Sheffield Antiques Quarter is planning a November 25 Christmas fair as its official opening, but it has effectively already relaunched.
Revitalising the quarter, which is
home to six antique centres and a further 14 shops, was the
brainchild of Contemporary art dealer Hendrika Stephens of The
Corner Gallery in Heeley Bank Antiques Centre, on Queens Road, who
started drumming up interest earlier this year.
She now chairs the development group
and has been delighted by the widespread support for the
enterprise, which now has committees handling marketing, events and
the quarter's website.
Joe Lachowicz, who runs retro
dealership Timewarp Collectables has designed the antiques quarter
logo, shown below, basing the design on a mix of street signs, the
Yorkshire Rose and Sheffield's bus livery.
Local graphic and web design company
Brightstar Creative have designed a colour gatefold flyer, with an
annotated map and listing, showing where all the businesses are,
together with travel and contact information.
Thousands of the flyers promoting the
quarter have been delivered to the surrounding area and have also
have been distributed to tourist information offices and libraries
in the city.
The steering group have submitted an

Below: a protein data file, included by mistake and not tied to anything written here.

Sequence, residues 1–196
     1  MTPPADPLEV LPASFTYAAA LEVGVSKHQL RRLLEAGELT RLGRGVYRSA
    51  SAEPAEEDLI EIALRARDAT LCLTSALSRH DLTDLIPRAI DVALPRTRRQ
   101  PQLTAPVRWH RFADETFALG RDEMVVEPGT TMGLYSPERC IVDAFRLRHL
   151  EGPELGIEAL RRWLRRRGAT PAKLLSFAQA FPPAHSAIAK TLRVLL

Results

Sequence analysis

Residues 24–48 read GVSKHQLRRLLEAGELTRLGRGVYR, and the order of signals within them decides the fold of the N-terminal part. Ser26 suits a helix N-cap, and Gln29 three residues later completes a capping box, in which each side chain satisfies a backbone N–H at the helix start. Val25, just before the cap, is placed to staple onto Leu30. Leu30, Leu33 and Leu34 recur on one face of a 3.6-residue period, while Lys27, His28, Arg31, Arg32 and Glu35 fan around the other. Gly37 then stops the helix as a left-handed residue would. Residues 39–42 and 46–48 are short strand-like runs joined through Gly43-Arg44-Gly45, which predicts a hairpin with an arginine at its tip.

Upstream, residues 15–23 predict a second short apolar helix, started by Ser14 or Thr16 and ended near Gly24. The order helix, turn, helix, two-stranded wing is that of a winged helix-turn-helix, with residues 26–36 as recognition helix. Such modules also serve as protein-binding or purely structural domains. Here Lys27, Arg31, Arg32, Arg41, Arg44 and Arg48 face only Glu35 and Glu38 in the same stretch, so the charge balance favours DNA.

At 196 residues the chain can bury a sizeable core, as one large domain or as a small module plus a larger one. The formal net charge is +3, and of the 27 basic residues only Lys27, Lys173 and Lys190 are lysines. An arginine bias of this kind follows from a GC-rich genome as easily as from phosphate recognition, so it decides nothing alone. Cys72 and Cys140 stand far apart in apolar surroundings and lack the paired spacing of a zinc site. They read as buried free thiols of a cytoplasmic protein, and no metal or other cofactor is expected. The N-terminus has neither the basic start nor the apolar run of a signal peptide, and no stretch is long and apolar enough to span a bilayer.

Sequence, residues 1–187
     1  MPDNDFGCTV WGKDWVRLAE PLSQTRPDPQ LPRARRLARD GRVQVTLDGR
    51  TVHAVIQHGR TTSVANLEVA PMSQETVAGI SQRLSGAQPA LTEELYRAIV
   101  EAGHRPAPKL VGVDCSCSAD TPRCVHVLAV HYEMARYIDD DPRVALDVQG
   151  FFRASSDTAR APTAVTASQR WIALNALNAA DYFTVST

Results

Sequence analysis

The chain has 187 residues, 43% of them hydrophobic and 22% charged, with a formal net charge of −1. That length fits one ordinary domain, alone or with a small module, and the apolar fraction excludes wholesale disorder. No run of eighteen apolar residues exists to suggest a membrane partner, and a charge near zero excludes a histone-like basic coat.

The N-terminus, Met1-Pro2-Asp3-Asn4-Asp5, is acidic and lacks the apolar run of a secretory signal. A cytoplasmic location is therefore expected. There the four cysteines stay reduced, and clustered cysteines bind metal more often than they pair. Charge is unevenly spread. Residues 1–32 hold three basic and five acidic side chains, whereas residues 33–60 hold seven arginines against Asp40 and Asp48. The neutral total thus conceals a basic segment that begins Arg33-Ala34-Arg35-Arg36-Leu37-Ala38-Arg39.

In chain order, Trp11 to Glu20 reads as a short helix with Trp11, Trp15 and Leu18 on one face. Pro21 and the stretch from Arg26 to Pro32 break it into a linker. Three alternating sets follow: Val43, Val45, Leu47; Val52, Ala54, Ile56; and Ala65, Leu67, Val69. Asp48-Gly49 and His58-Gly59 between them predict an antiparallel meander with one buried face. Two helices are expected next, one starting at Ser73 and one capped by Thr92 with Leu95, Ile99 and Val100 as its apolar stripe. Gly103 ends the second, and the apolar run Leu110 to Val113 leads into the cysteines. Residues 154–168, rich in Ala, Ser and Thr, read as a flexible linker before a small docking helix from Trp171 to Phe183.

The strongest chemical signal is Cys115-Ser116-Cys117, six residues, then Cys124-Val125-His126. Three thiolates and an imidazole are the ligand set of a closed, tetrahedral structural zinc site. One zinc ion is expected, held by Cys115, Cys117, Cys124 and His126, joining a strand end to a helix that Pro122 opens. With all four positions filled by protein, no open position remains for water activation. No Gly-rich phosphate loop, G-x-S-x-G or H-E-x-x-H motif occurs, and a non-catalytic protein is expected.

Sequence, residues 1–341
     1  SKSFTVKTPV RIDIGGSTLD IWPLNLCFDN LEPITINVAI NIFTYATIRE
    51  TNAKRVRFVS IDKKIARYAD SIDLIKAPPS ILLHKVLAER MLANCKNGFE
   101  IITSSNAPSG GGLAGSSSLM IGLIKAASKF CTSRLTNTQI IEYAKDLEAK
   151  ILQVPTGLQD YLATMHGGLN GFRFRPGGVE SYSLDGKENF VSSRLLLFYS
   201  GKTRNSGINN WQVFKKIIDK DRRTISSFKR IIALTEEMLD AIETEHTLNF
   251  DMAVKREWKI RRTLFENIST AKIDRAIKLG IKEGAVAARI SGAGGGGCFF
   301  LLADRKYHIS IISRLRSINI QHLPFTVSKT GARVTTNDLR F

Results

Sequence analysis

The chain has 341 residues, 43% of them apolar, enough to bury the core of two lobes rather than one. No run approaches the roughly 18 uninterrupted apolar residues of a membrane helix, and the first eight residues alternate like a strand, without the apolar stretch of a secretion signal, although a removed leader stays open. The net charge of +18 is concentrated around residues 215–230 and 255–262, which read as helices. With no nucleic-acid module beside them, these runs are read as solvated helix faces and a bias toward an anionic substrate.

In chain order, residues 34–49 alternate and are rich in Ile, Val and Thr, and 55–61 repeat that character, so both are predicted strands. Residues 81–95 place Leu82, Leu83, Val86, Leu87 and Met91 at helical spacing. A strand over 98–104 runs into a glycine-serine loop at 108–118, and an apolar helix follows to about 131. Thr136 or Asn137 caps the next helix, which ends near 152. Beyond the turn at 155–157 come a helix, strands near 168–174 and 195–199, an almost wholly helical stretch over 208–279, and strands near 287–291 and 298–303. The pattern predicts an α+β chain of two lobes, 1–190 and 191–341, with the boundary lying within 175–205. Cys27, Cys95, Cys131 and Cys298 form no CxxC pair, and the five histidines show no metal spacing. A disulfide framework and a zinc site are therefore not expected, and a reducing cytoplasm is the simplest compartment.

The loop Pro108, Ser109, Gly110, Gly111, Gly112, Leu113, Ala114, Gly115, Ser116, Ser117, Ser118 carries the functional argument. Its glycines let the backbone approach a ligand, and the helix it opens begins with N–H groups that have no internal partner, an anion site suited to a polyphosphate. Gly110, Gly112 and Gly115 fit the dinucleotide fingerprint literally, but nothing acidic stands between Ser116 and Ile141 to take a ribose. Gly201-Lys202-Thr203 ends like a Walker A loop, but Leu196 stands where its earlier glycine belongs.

application for banners which would hang from lampposts in the
quarter, and are now looking into applying for brown tourism signs
further afield to direct people to the area, although these cost
£1500 each, so it may take some time to raise the necessary
Above: the new antiques quarter logo, which
was designed by local retro dealer Joe Lachowicz of Timewarp
Sheffield City Council has continued
to offer advice and support, but the improvements in the quarter
have been paid for by the retailers themselves.
"We believe people will value
what they have more if they have had to put their hands in their
pockets to pay for it," says Hendrika. It also helps the quarter to
be more independent and economically self sustaining.
The revitalisation drive is already
reaping benefits. Footfall is noticeably up, the area is attracting
more families, and there have even been new food shops taking space
where before units lay empty.
Adding to the attraction is the
council's policy of allowing the windows of empty shop units to be
used for promoting the area. Students from the nearby Source Skills
Academy for Retail have created display windows in a number of
empty shops using material and stock gathered from the art,
antique, vintage and retro shops in the quarter.
"Everybody who walks by them stops for
a closer look," says Hendrika, "they are becoming a local
attraction in themselves."
The vintage Christmas fair in November
will bring in market stalls, musicians and themed festive fun as
well as showcasing the best the shops in the quarter can
And to keep everyone's stock,
presentation and service up to scratch, the quarter expect to
introduce a Secret Shopper, who will visit shops incognito and
report back to the steering group with constructive